Consumers are always excited by new things – but what about when something is so new, it’s hard to explain? Here’s how one business has scaled with a totally new concept.
All business owners have their own challenges when it comes to scaling up.
If a business is specialising in something never been done before, winning over customers can be a struggle – more so than if you are doing a new concept of something they already understand.
Pitching new ideas to banks and other investors can be a mixed bag – innovation is great, but investors comfortable in unchartered waters can be hard to come by.
This was the case for Lee Clarke and Greg Gormley, co-founders of Bink, a fintech company removing the need for a plastic loyalty card through a service they’ve called “Payment Linked Loyalty (PLL)”.
Real Business caught up with the pair to find out how they have overcome this issue on their mission to scale up their loyalty card innovation.
The idea is born
Clarke was inspired to create Bink in 2014 while shopping at an airport with his family. He missed out on £300 worth of points in Boots because he had forgotten his loyalty card, and the idea for PLL was born.
“It’s very easy for customers to forget their loyalty cards, but a credit/debit card is something they don’t often leave the house without,” he theorised.
“Therefore, bringing payment and loyalty cards together in a seamless environment made complete sense; benefitting both the customer and the retailer.”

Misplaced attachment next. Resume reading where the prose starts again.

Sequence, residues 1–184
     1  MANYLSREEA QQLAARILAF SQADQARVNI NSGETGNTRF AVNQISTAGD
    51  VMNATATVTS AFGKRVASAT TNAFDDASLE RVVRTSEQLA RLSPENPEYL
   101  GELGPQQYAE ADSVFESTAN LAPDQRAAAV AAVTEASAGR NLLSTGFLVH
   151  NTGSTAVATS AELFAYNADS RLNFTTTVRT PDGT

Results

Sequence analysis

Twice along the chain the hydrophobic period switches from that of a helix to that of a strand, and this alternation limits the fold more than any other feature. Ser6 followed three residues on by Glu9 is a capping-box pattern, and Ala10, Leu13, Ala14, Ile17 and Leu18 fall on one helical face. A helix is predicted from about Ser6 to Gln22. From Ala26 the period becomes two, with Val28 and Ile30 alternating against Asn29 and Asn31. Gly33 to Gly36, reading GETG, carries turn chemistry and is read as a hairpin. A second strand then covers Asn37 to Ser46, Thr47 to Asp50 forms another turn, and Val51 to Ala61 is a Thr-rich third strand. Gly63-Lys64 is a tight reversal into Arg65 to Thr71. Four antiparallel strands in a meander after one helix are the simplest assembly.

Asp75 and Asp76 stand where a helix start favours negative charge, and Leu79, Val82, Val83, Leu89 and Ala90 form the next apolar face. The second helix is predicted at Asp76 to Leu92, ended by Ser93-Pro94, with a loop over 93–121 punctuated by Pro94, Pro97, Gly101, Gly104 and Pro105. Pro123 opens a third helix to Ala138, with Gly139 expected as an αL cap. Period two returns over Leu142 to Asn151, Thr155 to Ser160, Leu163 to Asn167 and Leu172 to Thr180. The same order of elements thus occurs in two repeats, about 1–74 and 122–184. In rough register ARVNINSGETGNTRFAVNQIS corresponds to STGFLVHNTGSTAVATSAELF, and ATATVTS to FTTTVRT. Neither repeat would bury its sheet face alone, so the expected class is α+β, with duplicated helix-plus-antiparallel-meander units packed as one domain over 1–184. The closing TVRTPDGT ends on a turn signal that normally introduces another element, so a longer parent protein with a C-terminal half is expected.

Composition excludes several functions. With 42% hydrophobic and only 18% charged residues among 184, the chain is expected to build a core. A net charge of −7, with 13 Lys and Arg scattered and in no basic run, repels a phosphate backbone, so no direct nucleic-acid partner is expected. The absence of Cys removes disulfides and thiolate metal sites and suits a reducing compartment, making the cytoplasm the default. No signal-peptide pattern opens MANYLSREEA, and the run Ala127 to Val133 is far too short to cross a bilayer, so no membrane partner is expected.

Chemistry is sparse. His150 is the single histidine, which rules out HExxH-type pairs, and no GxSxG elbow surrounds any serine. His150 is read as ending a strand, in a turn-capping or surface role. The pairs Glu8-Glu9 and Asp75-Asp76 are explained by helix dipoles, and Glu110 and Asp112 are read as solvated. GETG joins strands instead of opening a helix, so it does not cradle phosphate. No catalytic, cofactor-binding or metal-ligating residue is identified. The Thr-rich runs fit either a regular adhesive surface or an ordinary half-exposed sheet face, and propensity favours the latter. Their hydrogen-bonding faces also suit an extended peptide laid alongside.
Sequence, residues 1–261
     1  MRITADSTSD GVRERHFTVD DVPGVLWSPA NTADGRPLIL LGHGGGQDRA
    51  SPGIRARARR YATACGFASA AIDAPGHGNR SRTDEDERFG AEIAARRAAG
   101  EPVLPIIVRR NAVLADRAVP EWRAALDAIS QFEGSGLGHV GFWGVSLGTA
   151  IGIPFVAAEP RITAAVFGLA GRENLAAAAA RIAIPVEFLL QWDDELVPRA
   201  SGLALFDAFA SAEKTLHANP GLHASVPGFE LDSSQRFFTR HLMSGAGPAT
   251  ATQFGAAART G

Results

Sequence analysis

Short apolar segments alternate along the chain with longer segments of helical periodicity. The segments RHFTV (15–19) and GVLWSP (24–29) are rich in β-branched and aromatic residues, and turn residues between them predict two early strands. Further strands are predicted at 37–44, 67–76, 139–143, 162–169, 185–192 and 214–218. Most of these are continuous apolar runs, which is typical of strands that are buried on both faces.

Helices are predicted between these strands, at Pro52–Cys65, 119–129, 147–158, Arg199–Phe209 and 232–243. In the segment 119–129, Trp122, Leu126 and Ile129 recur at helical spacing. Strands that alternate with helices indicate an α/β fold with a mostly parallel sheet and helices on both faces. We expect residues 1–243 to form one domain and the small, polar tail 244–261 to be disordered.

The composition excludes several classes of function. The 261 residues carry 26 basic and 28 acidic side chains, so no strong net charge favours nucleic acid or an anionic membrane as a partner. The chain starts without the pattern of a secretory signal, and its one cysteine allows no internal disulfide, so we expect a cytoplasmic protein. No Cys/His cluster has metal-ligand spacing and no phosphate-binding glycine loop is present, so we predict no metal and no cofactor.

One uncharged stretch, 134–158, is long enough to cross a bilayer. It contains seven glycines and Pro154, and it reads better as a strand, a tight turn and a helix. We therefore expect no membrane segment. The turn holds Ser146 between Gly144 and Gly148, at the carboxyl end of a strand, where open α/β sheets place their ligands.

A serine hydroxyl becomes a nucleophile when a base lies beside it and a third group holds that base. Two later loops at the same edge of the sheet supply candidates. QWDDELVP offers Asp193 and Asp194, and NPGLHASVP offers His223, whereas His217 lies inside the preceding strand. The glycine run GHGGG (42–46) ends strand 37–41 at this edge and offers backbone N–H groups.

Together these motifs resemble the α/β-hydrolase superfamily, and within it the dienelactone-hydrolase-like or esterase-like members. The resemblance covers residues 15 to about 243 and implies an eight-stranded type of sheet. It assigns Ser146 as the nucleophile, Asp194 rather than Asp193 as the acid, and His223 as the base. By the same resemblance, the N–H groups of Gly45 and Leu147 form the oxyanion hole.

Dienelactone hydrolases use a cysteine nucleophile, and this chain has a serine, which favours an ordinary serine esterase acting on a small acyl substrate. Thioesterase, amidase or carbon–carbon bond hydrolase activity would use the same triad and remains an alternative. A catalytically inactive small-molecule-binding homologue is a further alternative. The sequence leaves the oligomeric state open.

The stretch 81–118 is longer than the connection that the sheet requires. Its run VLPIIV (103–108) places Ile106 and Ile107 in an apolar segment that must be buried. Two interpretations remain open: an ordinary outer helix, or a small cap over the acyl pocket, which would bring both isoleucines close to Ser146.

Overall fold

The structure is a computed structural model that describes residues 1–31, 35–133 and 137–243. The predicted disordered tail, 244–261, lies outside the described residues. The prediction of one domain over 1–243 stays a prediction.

The pair have since secured partnerships with Iceland, Morrisons, Hertz and the Arcadia Group and have raised over £10m in seed funding. They have recently opened a London office and a San Francisco office as part of an international expansion plan. But how have they achieved such success for a new concept, over a short time?
Putting the wheels in motion
“With Bink, we were launching something that has never done before, so we needed to take people on a journey with us and explain our proposition from a blank slate. Demonstrating the strength of our proposition to established companies under these circumstances was undeniably daunting,” said Clarke.
In the early days, the business was privately funded, and later it raised £10m in three tranches through various networks for its loyalty card.
Because they were pitching a “blank slate” preparation was absolutely key – it can be hard to explain a totally new concept succinctly without confusing or losing your audience.
Clarke believes if you cannot explain your idea clearly in 30 seconds, you need to hone your elevator pitch.
Because funding can be hard to come by, many business owners may be tempted to say yes to the first offer that comes along, but that is not always the best idea.
“You have to be careful who you allow to join your share register and what type of potential restriction they want to put on your business,” explained Gormley.
“We have had several offers of proposed investment that we have politely declined due to the associated ties they wanted with the money. Always look to control your own destiny to the point that you don’t regret accepting investment at some point in the future.”
The future is bright
Bink has risen to the challenge of persuading people of the practicalities of its PLL service, and an international scale-up is now well underway. The pair have big ambitions of revolutionising the way people shop, and of publishing hyper-personalised offers.
“PLL will allow retailers worldwide to enhance their customers experience and gain valuable operational efficiencies – approximately eight seconds saved at the checkout,” said Clarke.
“We will soon be closing our Series A funding round, which has already generated a lot of interest. This will enable us to grow Bink as a global brand by entering new markets regularly and expanding overseas – all from the simple idea I had a couple of years ago. This really excites the team and myself for the future.”